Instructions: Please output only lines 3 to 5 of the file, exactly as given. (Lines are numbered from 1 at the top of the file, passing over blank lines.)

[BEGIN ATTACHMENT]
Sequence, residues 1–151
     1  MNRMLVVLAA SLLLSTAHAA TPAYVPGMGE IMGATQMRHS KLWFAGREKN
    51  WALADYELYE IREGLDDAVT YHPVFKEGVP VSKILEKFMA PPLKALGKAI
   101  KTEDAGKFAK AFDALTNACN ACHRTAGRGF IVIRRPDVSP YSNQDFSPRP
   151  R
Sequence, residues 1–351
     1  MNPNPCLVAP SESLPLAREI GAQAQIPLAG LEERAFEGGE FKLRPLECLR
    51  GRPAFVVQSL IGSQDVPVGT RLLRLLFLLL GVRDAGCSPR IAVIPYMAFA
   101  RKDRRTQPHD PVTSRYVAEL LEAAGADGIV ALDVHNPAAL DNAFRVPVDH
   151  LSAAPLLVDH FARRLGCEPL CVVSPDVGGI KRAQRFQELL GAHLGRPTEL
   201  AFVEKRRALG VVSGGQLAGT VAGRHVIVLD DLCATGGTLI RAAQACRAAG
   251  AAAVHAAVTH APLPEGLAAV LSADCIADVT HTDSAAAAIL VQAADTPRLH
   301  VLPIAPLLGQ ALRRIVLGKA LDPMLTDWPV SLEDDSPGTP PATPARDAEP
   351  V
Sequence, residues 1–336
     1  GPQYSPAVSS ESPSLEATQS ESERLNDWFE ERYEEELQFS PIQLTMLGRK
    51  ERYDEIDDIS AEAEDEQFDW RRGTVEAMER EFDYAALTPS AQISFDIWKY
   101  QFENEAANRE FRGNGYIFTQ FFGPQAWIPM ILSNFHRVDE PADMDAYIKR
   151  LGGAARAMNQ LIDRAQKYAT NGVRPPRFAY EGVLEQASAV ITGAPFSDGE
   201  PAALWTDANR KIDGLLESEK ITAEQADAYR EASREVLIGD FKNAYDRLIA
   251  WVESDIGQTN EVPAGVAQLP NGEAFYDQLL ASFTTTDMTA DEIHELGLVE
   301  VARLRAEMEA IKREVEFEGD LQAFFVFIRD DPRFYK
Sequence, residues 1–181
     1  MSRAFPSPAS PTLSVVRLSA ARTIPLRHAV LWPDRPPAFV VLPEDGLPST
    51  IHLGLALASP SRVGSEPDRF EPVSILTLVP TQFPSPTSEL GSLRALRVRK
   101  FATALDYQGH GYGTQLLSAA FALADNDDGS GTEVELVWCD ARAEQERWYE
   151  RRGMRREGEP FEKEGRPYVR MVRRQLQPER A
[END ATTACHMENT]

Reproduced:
    51  WALADYELYE IREGLDDAVT YHPVFKEGVP VSKILEKFMA PPLKALGKAI
   101  KTEDAGKFAK AFDALTNACN ACHRTAGRGF IVIRRPDVSP YSNQDFSPRP
   151  R